If all goes well, tomorrow, I’ll be able to get either the rest of the mowing done, or the rest of the planting done. Maybe even both, weather willing.
I completely forgot about the pumpkin seeds my mother gave me. It’s quite late for direct sowing pumpkins, but I’ll give them a try. Checking the seed trays, some of the gourds are most definitely emerging! After the trays were knocked over, they’re all mixed up, but none of the gourds had sprouted at all yet, so the new ones can’t really be anything else.
I used more of the soil mix for the sunflowers than I expected, so I think I will pick up more, the next time I’m in town. We still need to get those chimney blocks outside, to use as planters for the cucamelon transplants. The plan had been to take them through the new part basement, and up the stronger stairs, but with the kittens down there now, and always under foot, we’ll have to find a way to get them up the more rickety old basement stairs.
Once again, I am thinking of how great it would be to convert the old chimney for the wood burning furnace into a dumbwaiter! 😀
Once the blocks are in place, I plan to fill the bottoms with grass clippings and straw, then top it with a soil mix. With more squash to transplant, I don’t have enough of the soil mix left for it all.
It’s all coming together rather nicely, I think. I look forward to seeing how everything does.
I spoke to my mother today, and was telling her about what we’ve planted and where. Of course, she had to start telling me what I should be planting, none of which is what I am planting. She is currently fixated on onions. I should be planting onions. Also, I should be using the chives (which are coming up nicely) in salads. Also, I need a tiller. Because digging holes for the sunflower seeds is… and she stopped herself before saying it, though I could still here the word “stupid” hanging in the air. 😀 I had told her about my wanting to go with no-till methods, and the use of straw, and she told me that she’d never seen anyone do that before. Straw is only for strawberries, not for anything else. It’s rather funny, how she is so convinced that the way she did things is the ONLY way to do things! Nobody else ever did anything different. 😀 As for the old garden area, I reminded her of the conversation we’d had about planting trees there, and how we were intending to plant fruit and nut trees. She started telling me I should get hazelnuts from the bush, for free. The problem with that is, I have no memory of where those hazelnuts are. I was little more than a toddler when I went with her to gather nuts. They may not even be there anymore. So many trees and bushes have died, over the years. So she reminded me of one place we know for sure there is a hazelnut bush. The cemetery my father and brother are buried in!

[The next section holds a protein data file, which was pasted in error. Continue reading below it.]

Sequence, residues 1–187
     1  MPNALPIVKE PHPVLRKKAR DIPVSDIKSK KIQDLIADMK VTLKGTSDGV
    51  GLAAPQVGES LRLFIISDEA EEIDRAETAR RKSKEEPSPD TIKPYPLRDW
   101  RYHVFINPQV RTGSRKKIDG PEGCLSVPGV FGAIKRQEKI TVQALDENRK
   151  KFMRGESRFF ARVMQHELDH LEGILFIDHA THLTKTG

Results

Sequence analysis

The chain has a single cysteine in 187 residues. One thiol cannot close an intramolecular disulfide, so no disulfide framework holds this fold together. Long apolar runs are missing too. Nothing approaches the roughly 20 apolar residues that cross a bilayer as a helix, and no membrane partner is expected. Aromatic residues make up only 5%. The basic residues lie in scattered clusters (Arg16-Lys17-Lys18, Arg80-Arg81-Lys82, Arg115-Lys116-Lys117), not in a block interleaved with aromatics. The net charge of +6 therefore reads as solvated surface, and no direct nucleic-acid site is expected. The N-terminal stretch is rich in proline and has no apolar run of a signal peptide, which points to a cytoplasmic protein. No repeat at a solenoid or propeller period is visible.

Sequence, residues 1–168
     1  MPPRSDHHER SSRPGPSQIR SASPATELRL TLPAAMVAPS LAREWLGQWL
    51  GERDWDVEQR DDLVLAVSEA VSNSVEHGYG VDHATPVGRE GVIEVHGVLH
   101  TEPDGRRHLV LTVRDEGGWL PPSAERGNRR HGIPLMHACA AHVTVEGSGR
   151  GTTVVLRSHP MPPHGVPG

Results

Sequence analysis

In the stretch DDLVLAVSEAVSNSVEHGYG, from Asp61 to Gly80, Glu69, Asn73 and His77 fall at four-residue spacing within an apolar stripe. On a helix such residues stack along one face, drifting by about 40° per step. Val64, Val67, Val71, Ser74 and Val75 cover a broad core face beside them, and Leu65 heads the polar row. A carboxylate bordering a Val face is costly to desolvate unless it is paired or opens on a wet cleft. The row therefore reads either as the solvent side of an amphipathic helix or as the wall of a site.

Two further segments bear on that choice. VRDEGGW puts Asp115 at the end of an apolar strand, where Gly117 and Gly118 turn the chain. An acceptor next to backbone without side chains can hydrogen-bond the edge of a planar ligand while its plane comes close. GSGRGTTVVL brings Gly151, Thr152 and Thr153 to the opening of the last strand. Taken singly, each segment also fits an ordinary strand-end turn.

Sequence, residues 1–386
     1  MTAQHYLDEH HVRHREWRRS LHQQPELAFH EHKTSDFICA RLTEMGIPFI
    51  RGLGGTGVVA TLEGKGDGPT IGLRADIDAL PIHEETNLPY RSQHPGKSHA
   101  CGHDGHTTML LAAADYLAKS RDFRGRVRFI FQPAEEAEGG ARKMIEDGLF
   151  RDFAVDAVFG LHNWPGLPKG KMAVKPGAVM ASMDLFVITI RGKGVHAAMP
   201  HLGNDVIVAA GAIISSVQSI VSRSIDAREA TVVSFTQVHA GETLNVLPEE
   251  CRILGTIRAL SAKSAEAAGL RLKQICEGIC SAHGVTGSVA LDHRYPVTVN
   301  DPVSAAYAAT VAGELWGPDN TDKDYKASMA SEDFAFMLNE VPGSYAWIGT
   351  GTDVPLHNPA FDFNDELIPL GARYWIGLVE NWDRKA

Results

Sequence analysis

I’m not sure what she expects me to do about that. 😀 But hey; at least we are in agreement on the planting of food trees!
All in all, I think it’s been a decently productive day! 🙂
So it looks like my plans to plant the potatoes today is not going to happen. We were expecting rain, but it has turned out to be colder than forecast. While the rain has been light, it has been pretty constant. Which is fine. It just means we have to spend less time soaking the area we’ll be planting the potatoes in, tomorrow.
It might be cold and dreary outside, but Sarlac, the aloe, is enjoying things just fine. That flower spike is just inches from the ceiling!
Of course, one of the first things in my morning routine is to check on the kitties. We’ve been talking about how we wanted to change things up for them, as they get bigger and more active.
In the top right corner of the photo, you can see the crate we’ve been using to put their little nesting box in.
You can also see the dampness, under it.
With the rain today, and more forecast here and there over the next week, this will only get worse. While the crate keeps the kitten’s box from being directly on it, the increased humidity is making the basement feel noticeably colder. We do have a heater down there, but it’s not something that should be left on, unattended, for long.
We had already considered using one of the large boxes my husband’s new computer came in, to make a sort of “play pen” for the kittens. On seeing how much larger and wetter the damp spot is, I started thinking of alternatives. We had intended to place the box itself over a sheet of rigid insulation, which would have prevented any sort of damp puddle from forming at all, in the first place. However, the larger space would be harder to stay warm. The current little nest is well wrapped and small enough that Beep Beep’s, and their body heat alone could keep it nice and snug. Not so, in a larger space.
They are now upstairs. Just a couple of feet from me, as I type this!
We’ve got two boxes set up, one inside the other, so half the space has a “roof” over it. There’s lots of padding on the bottom to keep them soft and warm. Beep Beep wasn’t sure what to make of things when we walked off with all her babies, but once we showed her the new set up, she settled right in.
The babies were very quick to explore their new space, which is about triple the size of what they had before. Then they went right back into a pile on their familiar little bedding. 😀
So far, the other cats have been curious about the new set up, but easily discouraged away, so they won’t jump in. With the box set up between my desk and my crafting table, I can keep a close eye on them.
This means we can start leaving the new part basement door open all the time, and slowly start moving all the litter boxes, food and water bowls, downstairs. There’s plenty of space to store the cat food and litter, too.